Stress ulcers are usually found in ICU patients (prophylaxis given routinely) Related to physiological stress Also related to corticosteroid therapy Usually preceded by shock (severe trauma, burns, sepsis) → reduced blood flow to the mucosa and reflux of duodenal contents to the stomach → outpouring of HCl and pepsin on less protected mucosa → ulceration

15 Peptic Ulcer: Pathophysiology
Peptic ulcer is largely related to: Increased concentration and action of HCl on the mucosa (stress, spicy foods, smoking, caffeine, alcohol) Reduced mucus secretion: ↓ mucosal resistance and protection from the digestive action of HCl (stress, aspirin, NSAIDs, corticosteroids, H pylori)

16 Peptic Ulcer: Clinical Manifestations
Dull, gnawing epigastric or back pain (thought to be the effect of acid on exposed nerve endings) Relieved by vomiting (gastric) or by food (duodenal) Tenderness over the epigastrium Possible weight loss Anaemia if acute or chronic haemorrhage Haematemesis or malaena (“tarry” stool)

17 Peptic Ulcer: Diagnosis
History and physical examination CBC (anaemia) Stool: Guiac test for occult blood Breath test, stool or serum (antibodies) for Helicobacter pylori Endoscopy: Inspection Biopsy of mucosa for histology Gastric washings for culture of H pylori

18 Peptic Ulcer: Medical Management
Lifestyle changes Medical treatment: Antibiotics (Flagyl and one other antibiotic) H2-receptor antagonist (Ranitidine) or Proton-pump inhibitor (Lanzoprazole) Mucosal protection (Misoprostol) (Usually avoid antacids as interfere with treatment)

19 Peptic Ulcer: Surgery Surgery is less used now. Mainly for:
Ulcers not healing after 12 – 16 weeks Life-threatening complications: Haemorrhage Perforation/ penetration Pyloric obstruction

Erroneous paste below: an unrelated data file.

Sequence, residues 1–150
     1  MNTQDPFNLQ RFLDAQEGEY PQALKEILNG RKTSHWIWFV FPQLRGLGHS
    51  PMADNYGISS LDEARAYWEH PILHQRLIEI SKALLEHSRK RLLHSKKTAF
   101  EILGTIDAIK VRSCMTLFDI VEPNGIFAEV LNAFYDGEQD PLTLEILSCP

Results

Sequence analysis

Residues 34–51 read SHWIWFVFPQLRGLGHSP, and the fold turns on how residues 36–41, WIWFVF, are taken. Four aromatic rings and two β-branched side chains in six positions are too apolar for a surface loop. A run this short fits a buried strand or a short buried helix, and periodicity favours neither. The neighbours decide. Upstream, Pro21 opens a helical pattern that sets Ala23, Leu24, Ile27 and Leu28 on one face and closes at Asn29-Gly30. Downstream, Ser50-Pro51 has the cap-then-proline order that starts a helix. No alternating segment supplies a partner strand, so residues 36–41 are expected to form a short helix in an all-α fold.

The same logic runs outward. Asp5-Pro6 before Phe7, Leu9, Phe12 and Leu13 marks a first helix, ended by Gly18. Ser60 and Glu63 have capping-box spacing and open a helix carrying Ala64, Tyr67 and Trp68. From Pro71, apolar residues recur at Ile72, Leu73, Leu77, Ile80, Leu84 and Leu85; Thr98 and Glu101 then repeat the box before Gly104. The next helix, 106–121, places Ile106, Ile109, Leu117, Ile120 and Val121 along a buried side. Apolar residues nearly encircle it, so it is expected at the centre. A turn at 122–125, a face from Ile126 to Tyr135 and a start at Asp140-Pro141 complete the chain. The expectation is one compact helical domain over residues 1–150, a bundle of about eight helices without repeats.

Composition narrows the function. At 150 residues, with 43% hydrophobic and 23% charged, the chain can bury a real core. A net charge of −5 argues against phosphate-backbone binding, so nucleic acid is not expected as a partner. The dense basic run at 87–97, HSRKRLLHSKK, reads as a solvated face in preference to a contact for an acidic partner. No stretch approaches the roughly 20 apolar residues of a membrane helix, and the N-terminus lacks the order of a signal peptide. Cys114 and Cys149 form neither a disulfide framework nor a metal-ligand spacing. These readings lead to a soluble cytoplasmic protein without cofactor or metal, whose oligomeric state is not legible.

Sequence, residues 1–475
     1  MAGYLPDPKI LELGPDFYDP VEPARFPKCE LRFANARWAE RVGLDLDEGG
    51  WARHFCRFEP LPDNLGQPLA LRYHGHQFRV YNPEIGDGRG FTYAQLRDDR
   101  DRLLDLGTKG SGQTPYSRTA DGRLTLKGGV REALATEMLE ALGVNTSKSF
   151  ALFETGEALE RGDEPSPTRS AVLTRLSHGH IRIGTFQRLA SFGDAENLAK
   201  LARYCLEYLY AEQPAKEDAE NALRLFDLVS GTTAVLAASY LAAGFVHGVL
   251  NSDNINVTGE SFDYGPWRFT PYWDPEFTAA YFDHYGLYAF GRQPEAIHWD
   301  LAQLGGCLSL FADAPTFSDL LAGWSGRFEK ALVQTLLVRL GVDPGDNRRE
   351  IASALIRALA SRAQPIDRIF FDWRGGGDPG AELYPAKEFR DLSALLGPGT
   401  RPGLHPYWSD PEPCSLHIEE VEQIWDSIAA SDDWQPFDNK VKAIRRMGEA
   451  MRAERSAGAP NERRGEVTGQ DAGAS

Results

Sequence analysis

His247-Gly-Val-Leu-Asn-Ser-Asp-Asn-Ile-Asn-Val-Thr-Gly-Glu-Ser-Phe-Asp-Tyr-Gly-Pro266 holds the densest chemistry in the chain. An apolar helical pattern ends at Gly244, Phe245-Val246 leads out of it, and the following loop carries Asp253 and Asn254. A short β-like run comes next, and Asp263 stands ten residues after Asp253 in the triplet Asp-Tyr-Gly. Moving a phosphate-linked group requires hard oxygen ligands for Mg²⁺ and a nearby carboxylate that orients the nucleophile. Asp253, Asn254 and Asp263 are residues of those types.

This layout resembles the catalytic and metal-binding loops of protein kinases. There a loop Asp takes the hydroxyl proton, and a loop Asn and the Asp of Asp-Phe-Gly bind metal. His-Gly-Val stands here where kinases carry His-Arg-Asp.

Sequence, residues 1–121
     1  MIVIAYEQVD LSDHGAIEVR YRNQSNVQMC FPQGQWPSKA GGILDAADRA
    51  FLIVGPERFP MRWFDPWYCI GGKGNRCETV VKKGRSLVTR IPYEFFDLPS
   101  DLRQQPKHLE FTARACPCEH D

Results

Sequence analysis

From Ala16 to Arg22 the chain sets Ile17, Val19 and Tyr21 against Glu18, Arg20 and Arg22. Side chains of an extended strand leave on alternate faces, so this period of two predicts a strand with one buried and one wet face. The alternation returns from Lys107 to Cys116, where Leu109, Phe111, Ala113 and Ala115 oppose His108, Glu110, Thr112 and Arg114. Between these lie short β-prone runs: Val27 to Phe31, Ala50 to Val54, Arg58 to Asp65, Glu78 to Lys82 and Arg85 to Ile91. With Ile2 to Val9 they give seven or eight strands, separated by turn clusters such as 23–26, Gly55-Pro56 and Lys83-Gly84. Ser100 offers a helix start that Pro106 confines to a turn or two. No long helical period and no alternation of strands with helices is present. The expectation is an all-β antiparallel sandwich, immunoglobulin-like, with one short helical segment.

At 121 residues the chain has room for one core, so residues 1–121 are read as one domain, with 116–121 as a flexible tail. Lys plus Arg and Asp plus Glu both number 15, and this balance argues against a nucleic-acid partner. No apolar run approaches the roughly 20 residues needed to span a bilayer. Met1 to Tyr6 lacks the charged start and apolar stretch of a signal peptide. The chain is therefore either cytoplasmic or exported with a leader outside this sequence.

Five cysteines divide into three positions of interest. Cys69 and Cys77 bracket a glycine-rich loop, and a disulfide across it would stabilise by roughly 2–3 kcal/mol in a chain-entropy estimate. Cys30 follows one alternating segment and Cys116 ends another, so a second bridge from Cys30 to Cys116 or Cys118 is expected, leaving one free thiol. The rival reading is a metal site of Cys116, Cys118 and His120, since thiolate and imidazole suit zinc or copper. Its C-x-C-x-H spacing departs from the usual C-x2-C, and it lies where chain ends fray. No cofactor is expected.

20 Peptic Ulcer: Surgery Types of surgical procedure:
Vagotomy (resection of the vagus, parasympathetic nerve: ↓ HCl secretion) Pyloroplasty (with or without vagotomy) Gastro-enterostomy (bypass from stomach to jejunum)

21 Peptic Ulcer Complications: Haemorrhage
Haemorrhage: ulcer has eroded a blood vessel Haematemesis, especially gastric ulcer: fresh blood or “coffee-ground” vomit Malaena (more obvious if duodenal ulcer) May be an emergency → hypovolaemic shock GXM, IV fluids, vital signs, NG tube, NPO Rest, mouth care, surgical prep (if needed)

22 Peptic Ulcer Complications: Perforation
Ulcer has perforated layers to the peritoneum Acid contents leaking into peritoneum Patient in severe shock from extreme pain of chemical peritonitis Rigid, board-like abdomen, extremely tender Hypotension: emergency requiring immediate resuscitation and preparation for surgery to repair

23 Peptic Ulcer: Nursing Care
Pre-operative care: (may well be emergency) General physical check-up, chest Xray, ECG Blood profile, IVI, group and cross-match (GXM) Breathing exercises to prepare for post-op Thrombo-embolic stockings/ prophylactic heparin Explanation of operation, consent and emotional support

24 Peptic Ulcer: Nursing Care
Post-operative care: Pain relief Monitor vital signs, pulse oximetry, IV fluids, urine output and fluid balance Semi-sitting position once recovered Breathing and leg exercises NPO initially→ graduated intake (mouth care) NG tube aspirations, wound, drain care